Some brain tumors can cause seizures over many years without causing any other symptoms. These tumors are generally very slow growing, benign tumors. The goals of surgery in such a situation are to cure both the epilepsy and the tumor. As it turns out, these goals have an extremely high likelihood of success.
Astrocytomas and oligodendrogliomas arise from cells in the brain called glia. These cells surround the neurons and support their metabolic and physiologic functions. Glial tumors come in two varieties, fast-growing and slow-growing.
Fast-growing glial tumors often come to the patient's attention because of a neurological symptom, such as weakness or loss of vision. This type of tumor may also cause seizures, but because of the onset of the neurological symptoms, the tumor is generally discovered early on, perhaps after only one or two seizures. Faster-growing tumors, called anaplastic astrocytomas or glioblastomas, often come back after surgery.
Patients who have had multiple seizures for 3 years or more generally have the slow-growing type of tumor. Slow-growing glial tumors represent as many as 70% of tumors that cause epilepsy in the general population. These tumors are more common in adults with epilepsy; they may not be seen on a CT scan if the tumor is very small. Experience has shown that a complete surgical removal of these tumors can lead to excellent seizure control with a good chance of a cure. As a rule, the longer the patient has had seizures, the slower the growth rate of the tumor, and the greater the chance for a cure. Depending on the type of surgery performed, as many as 80-90% of patients stop having seizures after surgery. A recurrence of seizures, even many years after the surgery, may indicate a re-growth of the tumor. For this reason, patients with glial tumors should have an MRI scan on a yearly basis to ensure that their tumor has not returned.
Gangliogliomas and dysembryoplastic neuroepithelial tumors (DNT) are tumors composed of a combination of glial cells and neuronal cells. They are more common in children and are often found in the temporal lobe of the brain. The most common symptom of these tumors is partial seizures, which are often present for several years before the diagnosis is made. These tumors may not appear on CT scan, which contributes to the delay in diagnosis. Gangliogliomas and DNTs are extremely benign tumors and are generally cured with surgery. As opposed to the glial tumors described above, the goal of surgery for glioneuronal tumors is predominantly seizure-control. These tumors are often located next to areas of cortical dysplasia (areas of the brain's cortex that contain tissue abnormalities). Cortical dysplasia occurs as a result of abnormal neuronal development that can cause hyperexcitability in a population of neurons. This area of hyperexcitable neurons is the site of origin of the adjacent seizures. Surgery that removes the tumor tissue but not the adjacent areas of abnormal cortical tissue may not cure the seizures. For this reason, the surgical treatment of epilepsy caused by presumed glioneuronal tumors often requires the use of a technique called electrocorticography.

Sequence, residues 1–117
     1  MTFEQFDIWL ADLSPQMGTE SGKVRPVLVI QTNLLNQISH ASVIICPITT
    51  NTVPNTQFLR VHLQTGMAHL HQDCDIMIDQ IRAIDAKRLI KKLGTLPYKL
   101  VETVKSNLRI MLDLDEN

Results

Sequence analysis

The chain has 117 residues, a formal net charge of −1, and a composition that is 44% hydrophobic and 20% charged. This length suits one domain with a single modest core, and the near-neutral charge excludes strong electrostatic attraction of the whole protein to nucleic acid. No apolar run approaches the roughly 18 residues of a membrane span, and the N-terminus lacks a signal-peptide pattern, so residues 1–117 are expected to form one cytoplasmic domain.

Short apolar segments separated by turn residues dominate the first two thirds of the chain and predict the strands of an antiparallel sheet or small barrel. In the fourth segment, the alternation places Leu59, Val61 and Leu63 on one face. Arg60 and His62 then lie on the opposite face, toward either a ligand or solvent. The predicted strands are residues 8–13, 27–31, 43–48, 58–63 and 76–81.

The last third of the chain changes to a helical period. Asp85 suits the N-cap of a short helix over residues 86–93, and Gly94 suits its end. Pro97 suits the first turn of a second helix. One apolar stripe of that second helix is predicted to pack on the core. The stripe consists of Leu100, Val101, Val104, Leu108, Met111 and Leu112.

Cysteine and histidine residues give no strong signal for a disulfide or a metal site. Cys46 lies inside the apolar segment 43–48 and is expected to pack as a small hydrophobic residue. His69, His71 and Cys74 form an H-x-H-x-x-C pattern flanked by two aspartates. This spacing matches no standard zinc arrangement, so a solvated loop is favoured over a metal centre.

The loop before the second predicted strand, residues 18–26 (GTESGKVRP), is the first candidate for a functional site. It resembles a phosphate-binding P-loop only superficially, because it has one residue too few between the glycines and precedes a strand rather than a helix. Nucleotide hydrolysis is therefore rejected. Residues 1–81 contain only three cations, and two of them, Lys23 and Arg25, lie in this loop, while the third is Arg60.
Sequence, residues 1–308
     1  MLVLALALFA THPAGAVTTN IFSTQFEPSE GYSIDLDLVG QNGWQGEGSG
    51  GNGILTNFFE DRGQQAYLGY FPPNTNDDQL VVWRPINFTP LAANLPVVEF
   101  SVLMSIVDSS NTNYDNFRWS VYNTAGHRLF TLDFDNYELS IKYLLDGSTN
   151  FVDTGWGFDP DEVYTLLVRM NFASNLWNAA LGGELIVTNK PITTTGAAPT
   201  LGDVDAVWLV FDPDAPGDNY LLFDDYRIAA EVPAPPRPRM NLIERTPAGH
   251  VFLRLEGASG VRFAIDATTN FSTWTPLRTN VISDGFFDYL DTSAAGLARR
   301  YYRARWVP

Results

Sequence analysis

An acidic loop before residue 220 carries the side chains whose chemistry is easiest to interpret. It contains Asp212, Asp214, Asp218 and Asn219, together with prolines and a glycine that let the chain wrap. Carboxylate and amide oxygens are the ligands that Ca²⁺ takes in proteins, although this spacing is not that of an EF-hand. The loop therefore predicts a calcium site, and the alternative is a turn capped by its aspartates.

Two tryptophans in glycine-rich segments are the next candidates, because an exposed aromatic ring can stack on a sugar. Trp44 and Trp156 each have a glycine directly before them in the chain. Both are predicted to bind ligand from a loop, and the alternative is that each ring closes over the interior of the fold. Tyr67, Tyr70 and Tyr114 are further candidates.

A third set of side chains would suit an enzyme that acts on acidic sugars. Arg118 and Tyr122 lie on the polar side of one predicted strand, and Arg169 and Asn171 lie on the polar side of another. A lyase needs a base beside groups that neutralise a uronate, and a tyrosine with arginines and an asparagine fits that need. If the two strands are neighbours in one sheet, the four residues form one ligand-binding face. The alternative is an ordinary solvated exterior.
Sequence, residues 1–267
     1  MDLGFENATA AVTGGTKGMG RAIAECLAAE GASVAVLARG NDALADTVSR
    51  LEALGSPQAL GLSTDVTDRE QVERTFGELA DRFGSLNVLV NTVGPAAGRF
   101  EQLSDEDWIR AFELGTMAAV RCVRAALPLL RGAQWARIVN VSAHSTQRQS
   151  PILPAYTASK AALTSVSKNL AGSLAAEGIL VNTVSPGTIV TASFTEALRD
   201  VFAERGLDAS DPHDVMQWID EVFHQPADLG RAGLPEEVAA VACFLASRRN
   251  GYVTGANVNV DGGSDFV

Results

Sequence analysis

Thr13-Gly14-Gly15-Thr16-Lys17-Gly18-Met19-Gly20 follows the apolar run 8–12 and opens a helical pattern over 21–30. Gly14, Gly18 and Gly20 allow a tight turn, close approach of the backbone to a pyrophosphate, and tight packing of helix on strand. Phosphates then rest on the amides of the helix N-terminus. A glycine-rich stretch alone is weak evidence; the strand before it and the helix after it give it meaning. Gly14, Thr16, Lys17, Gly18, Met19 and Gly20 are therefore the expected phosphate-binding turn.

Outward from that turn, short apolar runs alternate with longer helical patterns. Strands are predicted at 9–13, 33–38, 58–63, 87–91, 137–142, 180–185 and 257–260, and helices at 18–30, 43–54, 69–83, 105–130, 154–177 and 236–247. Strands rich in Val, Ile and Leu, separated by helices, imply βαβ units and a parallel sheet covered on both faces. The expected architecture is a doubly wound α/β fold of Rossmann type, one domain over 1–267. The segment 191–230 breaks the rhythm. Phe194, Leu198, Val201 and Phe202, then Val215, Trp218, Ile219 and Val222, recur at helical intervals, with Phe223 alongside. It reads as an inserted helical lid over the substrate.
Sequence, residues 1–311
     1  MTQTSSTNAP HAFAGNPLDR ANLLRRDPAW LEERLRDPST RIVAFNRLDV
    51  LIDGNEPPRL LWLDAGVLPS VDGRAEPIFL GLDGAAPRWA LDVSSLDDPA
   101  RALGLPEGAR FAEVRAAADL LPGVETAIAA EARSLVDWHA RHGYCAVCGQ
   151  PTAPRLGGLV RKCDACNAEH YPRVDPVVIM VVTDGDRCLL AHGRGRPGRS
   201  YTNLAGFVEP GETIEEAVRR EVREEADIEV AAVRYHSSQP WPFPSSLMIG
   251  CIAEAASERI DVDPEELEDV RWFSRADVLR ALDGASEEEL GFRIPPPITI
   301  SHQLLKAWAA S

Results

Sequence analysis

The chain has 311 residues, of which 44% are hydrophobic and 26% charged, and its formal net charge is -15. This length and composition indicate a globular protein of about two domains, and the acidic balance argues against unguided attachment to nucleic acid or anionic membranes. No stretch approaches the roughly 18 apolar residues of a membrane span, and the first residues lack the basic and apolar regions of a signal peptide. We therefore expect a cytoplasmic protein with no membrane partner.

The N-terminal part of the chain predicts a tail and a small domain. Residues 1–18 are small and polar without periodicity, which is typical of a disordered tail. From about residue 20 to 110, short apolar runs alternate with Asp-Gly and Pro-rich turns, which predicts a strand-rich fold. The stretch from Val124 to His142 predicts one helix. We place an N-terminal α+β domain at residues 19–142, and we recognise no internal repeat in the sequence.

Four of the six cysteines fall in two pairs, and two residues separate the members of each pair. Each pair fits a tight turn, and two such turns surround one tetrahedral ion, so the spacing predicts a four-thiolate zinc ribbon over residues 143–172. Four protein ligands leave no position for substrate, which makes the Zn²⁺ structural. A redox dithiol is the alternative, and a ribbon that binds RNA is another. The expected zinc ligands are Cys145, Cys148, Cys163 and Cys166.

Epileptic seizures in patients with brain tumors do not originate in the tumors themselves, but from the area of the brain next to the tumor. Electrocorticography, or ECoG, is currently the most sensitive method for localizing the area in the brain where the epilepsy starts. This technique must be performed by a neurosurgeon, preferably an epilepsy surgeon. A grid or strip of electrodes is placed on the surface of the brain. Occasionally, a depth electrode can also be placed deep into the brain to record from structures that are difficult to reach with grids and strips. Electrical recordings are then made directly from the brain in the operating room. The surgeon can also leave the electrodes in contact with the brain and thereby monitor the patient for several days in the hospital until a few seizures occur. The recordings are interpreted by a neurologist with the knowledge and experience in distinguishing between normal and abnormal cortical activity.